Q: What is your favorite volunteer program?
A: I have two, and they focus on aiding students academically and socially in low income families—Gaining Early Awareness and Readiness for Undergraduate (Gear Up) programs in Burlington, N.C, and the Children’s Defense Fund Freedom School program in Charlotte, N.C.
Q: What does it mean to you to be considered for the Allstate AFCA Good Works Team?
A: It means a lot to be considered for the Allstate Good Works Team, because it is a recognition of my volunteer work, as well as my academic and football workload. Volunteering and community service is something that I typically think of as selfless, behind the-scenes work. I get my satisfaction from the relationships that are being built through my service. And I find joy in knowing that I am using my platform as a student-athlete, which so many young students aspire to be, to be an accessible role model who is advocating the importance of education. But, to be considered for the Allstate Good Works Team for my work gives me an added sense of fulfillment.
Q: How do you achieve balance?
A: Balancing a rigorous academic schedule, being a student-athlete and doing community service requires a great deal of time-management. My preferred way of managing my time is to do all of my work in advance. The professors at Davidson all give a syllabus, which outlines all of the assignments due throughout the semester. Being a religious studies major, many of my assignments are papers. Since I already know when my papers are due, I typically work on them as far in advance as possible to free up more time on the back end.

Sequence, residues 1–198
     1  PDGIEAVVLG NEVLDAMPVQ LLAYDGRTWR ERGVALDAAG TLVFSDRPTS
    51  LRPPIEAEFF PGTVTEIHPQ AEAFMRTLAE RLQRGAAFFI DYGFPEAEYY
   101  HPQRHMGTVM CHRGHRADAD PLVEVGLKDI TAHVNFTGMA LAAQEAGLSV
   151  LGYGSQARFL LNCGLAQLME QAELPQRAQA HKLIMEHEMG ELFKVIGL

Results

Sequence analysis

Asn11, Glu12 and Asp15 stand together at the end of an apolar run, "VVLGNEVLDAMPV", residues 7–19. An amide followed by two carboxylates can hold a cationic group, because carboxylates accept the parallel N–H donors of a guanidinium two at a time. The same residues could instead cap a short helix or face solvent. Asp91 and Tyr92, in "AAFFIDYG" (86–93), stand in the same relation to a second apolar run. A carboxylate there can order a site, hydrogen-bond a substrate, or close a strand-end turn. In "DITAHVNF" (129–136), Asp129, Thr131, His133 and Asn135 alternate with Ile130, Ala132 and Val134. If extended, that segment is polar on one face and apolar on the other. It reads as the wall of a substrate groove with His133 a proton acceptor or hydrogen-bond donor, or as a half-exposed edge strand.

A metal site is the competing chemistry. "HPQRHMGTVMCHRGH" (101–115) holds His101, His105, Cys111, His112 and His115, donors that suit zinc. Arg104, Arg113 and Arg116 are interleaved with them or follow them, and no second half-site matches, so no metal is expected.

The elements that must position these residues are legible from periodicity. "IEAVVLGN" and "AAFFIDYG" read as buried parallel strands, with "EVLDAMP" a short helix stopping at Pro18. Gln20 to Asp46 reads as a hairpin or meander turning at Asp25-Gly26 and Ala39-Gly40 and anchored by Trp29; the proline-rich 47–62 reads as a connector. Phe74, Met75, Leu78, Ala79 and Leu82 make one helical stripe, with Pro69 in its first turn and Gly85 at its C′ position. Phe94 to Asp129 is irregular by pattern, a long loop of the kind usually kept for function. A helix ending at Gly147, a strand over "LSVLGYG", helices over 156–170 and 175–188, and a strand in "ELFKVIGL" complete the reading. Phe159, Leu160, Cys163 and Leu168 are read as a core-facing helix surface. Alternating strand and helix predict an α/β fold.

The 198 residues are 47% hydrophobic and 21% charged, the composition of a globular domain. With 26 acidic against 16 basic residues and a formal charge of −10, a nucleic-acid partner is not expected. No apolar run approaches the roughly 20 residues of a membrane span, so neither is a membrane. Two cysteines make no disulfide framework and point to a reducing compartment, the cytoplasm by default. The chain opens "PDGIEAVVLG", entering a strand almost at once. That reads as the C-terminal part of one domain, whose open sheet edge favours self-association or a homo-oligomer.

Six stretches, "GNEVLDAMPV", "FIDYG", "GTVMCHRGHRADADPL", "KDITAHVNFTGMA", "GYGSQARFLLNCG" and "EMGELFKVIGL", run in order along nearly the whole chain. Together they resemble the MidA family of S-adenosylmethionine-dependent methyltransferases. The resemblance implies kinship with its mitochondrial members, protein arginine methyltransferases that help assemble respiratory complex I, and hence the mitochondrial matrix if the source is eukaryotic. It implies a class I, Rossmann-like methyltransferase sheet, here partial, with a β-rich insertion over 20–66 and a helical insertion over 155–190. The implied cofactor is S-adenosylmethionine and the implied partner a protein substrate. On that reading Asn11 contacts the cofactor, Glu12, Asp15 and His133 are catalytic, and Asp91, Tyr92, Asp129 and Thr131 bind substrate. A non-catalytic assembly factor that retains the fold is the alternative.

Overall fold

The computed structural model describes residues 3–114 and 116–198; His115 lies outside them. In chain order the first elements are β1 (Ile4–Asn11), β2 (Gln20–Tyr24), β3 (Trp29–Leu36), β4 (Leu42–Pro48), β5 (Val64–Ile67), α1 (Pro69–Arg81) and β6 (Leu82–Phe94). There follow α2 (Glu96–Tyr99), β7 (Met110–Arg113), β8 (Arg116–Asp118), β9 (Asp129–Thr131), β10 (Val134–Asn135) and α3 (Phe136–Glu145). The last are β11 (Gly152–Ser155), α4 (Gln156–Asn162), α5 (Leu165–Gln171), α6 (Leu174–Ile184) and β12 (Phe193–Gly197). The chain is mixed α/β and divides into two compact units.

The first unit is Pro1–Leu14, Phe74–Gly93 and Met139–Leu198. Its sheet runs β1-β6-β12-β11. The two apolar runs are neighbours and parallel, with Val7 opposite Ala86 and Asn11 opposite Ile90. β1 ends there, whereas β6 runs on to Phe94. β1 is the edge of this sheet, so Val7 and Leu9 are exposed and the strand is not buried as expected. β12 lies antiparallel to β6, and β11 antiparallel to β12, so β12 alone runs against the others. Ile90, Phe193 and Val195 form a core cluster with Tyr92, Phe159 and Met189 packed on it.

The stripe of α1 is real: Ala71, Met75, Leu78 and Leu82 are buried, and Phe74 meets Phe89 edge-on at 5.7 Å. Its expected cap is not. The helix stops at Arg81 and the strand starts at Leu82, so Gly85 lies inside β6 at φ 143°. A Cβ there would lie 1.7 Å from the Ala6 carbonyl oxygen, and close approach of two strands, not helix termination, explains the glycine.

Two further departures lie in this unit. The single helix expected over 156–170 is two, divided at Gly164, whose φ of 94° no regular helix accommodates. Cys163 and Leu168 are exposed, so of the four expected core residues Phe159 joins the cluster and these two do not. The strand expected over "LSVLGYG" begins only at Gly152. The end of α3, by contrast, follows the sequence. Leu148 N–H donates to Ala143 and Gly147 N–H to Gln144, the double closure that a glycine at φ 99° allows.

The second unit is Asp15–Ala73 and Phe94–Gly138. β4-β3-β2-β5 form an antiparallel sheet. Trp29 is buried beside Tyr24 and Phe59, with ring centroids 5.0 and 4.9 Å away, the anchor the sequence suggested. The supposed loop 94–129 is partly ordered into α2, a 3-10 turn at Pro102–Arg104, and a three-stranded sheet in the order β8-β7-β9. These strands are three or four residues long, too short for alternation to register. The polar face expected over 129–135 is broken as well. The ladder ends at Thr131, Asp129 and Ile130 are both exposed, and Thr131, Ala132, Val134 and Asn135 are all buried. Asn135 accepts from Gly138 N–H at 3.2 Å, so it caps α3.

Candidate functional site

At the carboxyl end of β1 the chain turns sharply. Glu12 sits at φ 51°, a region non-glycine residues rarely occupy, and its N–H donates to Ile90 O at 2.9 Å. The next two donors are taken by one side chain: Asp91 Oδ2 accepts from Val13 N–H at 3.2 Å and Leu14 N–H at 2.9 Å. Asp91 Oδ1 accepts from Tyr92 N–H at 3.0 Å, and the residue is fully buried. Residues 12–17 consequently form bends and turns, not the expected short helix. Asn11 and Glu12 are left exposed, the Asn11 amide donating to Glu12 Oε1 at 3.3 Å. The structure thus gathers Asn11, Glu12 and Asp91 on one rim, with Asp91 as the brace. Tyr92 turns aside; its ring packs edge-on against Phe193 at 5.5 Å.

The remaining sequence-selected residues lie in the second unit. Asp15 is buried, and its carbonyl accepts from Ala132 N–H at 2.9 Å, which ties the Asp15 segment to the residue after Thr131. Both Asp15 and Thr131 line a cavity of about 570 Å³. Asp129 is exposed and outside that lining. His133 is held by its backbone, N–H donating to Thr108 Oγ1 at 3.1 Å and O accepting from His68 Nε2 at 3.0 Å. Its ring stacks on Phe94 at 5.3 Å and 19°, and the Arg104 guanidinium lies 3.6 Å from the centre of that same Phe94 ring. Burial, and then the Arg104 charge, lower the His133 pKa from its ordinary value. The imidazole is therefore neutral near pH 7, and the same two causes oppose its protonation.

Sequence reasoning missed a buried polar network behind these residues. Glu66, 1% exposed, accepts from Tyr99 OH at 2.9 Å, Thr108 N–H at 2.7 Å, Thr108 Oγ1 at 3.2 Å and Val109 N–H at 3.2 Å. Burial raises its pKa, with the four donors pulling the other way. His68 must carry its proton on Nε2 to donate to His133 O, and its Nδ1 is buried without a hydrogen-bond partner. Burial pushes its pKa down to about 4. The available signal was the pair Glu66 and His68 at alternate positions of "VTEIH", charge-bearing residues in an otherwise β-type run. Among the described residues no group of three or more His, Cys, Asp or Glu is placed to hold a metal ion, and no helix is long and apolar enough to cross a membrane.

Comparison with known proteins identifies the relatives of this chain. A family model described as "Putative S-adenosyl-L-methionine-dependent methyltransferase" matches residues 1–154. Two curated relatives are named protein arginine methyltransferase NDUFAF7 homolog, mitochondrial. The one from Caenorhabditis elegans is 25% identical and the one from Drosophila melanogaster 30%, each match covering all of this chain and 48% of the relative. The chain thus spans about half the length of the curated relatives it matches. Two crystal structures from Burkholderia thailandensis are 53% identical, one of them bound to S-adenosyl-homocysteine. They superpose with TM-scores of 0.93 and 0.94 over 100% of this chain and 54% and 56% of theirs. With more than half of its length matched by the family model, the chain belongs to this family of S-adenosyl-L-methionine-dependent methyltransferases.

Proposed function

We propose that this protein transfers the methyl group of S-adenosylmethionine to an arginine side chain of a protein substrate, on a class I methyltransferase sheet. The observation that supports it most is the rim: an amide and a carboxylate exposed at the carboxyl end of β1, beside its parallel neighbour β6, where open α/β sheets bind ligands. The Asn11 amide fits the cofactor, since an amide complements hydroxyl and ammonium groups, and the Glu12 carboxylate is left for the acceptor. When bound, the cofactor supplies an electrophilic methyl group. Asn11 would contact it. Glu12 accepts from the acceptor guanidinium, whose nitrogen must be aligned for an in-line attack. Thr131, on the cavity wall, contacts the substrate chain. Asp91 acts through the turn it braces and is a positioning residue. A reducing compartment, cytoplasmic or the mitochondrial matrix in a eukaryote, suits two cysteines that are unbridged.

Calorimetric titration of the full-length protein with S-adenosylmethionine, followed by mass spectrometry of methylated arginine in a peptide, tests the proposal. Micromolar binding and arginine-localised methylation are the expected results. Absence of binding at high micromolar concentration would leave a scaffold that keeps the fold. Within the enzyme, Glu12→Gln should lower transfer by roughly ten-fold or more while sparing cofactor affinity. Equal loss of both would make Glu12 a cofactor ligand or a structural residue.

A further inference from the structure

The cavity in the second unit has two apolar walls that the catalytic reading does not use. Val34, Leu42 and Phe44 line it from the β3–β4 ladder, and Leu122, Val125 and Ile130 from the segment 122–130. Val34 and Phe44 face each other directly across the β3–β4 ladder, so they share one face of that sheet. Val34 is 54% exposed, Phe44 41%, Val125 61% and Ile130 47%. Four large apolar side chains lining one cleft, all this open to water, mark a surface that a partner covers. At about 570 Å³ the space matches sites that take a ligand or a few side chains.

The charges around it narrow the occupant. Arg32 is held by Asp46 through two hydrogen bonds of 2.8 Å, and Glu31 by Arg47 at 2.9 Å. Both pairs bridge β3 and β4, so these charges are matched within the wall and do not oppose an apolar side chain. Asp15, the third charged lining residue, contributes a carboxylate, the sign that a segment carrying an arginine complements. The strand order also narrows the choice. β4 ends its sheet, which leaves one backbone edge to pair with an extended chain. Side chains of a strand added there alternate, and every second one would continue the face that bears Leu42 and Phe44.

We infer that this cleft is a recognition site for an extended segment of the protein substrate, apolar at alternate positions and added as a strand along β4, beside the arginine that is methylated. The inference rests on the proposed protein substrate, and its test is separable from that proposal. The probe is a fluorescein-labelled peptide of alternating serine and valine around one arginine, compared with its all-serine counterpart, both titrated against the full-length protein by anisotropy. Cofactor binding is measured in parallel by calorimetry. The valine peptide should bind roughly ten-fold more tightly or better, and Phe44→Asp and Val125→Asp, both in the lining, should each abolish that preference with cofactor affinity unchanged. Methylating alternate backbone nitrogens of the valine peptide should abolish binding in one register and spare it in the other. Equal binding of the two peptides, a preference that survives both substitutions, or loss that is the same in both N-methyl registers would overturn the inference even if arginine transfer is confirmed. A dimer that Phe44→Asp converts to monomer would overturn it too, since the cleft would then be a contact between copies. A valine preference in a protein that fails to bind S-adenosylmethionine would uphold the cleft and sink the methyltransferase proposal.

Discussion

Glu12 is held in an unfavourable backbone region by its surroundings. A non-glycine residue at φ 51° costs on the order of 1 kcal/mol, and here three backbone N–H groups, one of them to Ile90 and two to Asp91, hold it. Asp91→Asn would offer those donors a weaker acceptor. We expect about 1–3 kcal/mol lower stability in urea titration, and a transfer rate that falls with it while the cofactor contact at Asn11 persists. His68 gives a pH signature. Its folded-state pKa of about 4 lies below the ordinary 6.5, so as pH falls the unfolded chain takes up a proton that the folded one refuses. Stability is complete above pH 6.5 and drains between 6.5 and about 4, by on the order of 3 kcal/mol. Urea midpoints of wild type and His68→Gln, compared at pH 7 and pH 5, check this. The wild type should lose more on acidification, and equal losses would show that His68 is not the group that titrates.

Q: Do you have any role models—athletic or personal?
A: My role model, both personally and athletically, is my father. First and foremost, it is such a blessing to simply have him play the role he does in my life. He is the one who first introduced me to all the sports that I played throughout my athletic career. He was even able to play collegiate basketball at Greensboro College. However, outside of athletics, I strive to be the man and the father that he is. He is such a selfless man who consistently puts the needs of others before him. He has also demonstrated what it means to give his very best no matter what the task or what the circumstance. He has set a great example for me, and I go out every day with the intention to make him proud.
Q: What are your plans for after graduation?
A: After graduation I would like to continue to make a positive difference in the lives of others. I have a passion for working with young adults, specifically. Additionally, I have a special love for sports. Thus, ideally I would love to work for an organization that works to mentally and socially enrich youths through sports.
Q: If you could give advice to first-year students at Davidson, what would it be?
A: I would advise investing your time wisely, and finding a method of time management that works best for you. On an internal note, remember to be your number one fan, love yourself, respect your opinion and do the things that you enjoy.